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Thread: Question on AC currents

  1. #1 Question on AC currents 
    Time Lord
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    What happens if two AC currents of the same frequency, but exactly a half wavelength out of phase with each other, flow through two wires of equal length, which then connect to the same lightning rod?


    Will they just cancel each other out and disappear? Or do they get reflected back toward their source (away from ground)?


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  3. #2 Re: Question on AC currents 
    Forum Professor Wild Cobra's Avatar
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    Quote Originally Posted by kojax
    What happens if two AC currents of the same frequency, but exactly a half wavelength out of phase with each other, flow through two wires of equal length, which then connect to the same lightning rod?


    Will they just cancel each other out and disappear? Or do they get reflected back toward their source (away from ground)?
    Well, frequency and distance can be a factor. However, if you are talking about common AC over a short distance, you just tripped your circuit breaker.


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  4. #3  
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    Suppose you had a battery with voltage V connected in a circuit of resistance R. A current of I=V/R would flow. Now get another battery and connect it in series with the first battery but opposite polarity. It causes a current of -I to flow in the circuit, and by superposition, the sum of the two currents is 0.

    The same thing happens if you connect two transformers in series 180 degrees out of phase, i.e., nothing.
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  5. #4  
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    Quote Originally Posted by Harold14370
    Suppose you had a battery with voltage V connected in a circuit of resistance R. A current of I=V/R would flow. Now get another battery and connect it in series with the first battery but opposite polarity. It causes a current of -I to flow in the circuit, and by superposition, the sum of the two currents is 0.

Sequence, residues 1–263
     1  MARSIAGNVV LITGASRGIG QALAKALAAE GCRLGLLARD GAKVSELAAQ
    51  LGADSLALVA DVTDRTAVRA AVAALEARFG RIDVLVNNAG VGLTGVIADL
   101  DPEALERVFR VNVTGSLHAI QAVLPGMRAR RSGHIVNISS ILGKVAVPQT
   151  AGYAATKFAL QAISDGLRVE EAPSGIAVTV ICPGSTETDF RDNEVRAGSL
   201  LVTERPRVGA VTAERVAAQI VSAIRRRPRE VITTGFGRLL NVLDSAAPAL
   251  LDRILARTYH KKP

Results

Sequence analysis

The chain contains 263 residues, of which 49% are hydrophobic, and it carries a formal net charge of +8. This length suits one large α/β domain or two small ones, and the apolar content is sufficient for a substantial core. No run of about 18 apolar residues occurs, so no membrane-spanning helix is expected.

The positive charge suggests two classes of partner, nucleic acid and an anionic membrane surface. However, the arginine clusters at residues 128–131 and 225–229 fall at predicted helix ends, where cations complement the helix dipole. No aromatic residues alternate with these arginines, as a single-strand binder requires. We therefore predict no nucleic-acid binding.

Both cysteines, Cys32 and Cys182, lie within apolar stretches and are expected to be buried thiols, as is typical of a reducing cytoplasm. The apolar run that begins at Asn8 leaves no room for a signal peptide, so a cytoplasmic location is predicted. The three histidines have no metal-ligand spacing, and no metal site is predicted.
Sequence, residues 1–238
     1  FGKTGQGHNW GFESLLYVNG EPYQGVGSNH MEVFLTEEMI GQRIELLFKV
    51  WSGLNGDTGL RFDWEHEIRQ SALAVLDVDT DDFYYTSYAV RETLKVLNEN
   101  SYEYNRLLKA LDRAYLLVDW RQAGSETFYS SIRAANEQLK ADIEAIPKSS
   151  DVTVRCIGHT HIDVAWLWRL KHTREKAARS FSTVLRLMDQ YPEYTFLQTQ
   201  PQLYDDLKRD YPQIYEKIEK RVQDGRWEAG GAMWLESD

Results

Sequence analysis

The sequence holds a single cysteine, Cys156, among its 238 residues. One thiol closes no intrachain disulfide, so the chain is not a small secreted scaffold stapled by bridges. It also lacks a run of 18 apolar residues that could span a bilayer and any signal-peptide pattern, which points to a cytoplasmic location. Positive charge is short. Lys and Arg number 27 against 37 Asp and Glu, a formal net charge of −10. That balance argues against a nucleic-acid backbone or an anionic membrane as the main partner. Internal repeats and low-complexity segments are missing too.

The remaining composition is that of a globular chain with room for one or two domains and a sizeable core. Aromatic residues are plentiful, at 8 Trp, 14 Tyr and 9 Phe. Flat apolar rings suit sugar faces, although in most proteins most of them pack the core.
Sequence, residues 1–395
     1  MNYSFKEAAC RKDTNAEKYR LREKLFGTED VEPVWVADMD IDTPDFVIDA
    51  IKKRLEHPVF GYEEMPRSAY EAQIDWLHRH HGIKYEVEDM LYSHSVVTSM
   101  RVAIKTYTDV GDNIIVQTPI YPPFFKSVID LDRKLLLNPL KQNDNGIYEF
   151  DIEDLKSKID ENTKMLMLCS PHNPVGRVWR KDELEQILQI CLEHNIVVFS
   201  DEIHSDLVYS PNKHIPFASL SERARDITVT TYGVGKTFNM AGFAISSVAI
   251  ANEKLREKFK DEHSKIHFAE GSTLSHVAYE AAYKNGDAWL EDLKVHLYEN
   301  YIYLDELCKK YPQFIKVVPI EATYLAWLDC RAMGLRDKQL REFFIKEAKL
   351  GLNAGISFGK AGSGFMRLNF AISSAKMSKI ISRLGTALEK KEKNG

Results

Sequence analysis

The same thing happens if you connect two transformers in series 180 degrees out of phase, i.e., nothing.
    Huh?

    Are we visualizing this different?

    180 degrees is opposite polarity, and would allow maximum current between the two sources of power. 0 degrees would be in phase and have no current between the two. There will only be power radiated is there is an effective antenna.
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  6. #5  
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    Quote Originally Posted by Wild Cobra
    Are we visualizing this different?

    180 degrees is opposite polarity, and would allow maximum current between the two sources of power. 0 degrees would be in phase and have no current between the two. There will only be power radiated is there is an effective antenna.
    I was visualizing two voltage sources of opposite polarity connected in series, with the load also in series. You are visualizing two sources of opposite polarity connected in parallel, then to the load.

    Now that I reread the question, yours is probably closer to the original question.

    There is a node where the wires connect to the antenna. The sum of currents in a node must be equal to zero, so if you have +I from one source and -I from the other source, the result is zero to the antenna.
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  7. #6  
    Forum Professor Wild Cobra's Avatar
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    Quote Originally Posted by Harold14370
    Quote Originally Posted by Wild Cobra
    Are we visualizing this different?

    180 degrees is opposite polarity, and would allow maximum current between the two sources of power. 0 degrees would be in phase and have no current between the two. There will only be power radiated is there is an effective antenna.
    I was visualizing two voltage sources of opposite polarity connected in series, with the load also in series. You are visualizing two sources of opposite polarity connected in parallel, then to the load.

    Now that I reread the question, yours is probably closer to the original question.

    There is a node where the wires connect to the antenna. The sum of currents in a node must be equal to zero, so if you have +I from one source and -I from the other source, the result is zero to the antenna.
    Yep, I thought we read it differently.
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  8. #7  
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    PLEASE DO NOT DO THAT. TAKE UP A COMPLETELY DIFFERENT HOBBY.
    "Believe nothing, no matter where you read it, or who said it, no matter if I have said it, unless it agrees with your own reason and your own common sense." --Buddha (563BC-483BC)
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  9. #8  
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    I think he's saying he wants to take 2 , 120v mains opposite phased and run them through a wire, so a 240V source, bottom line is if the wire is a certain length, and the load is proper size it will hold a certain impedance to cancel out the signal,

    IF your load is 1K ohm you need your wires to be about 300 heneries on EACH wire (use an induction calc to measure your wire, it adds up to ALOT of wire though)
    you will wind up with 1V on the load and 1/1000 amps of current

    A lightning rod prolly only has 10ohms resistance though so you need 3 heneries on Each wire and that will leave you with 1Volt again but 1/10Amps or 100mA

    still alot of wire though!!!
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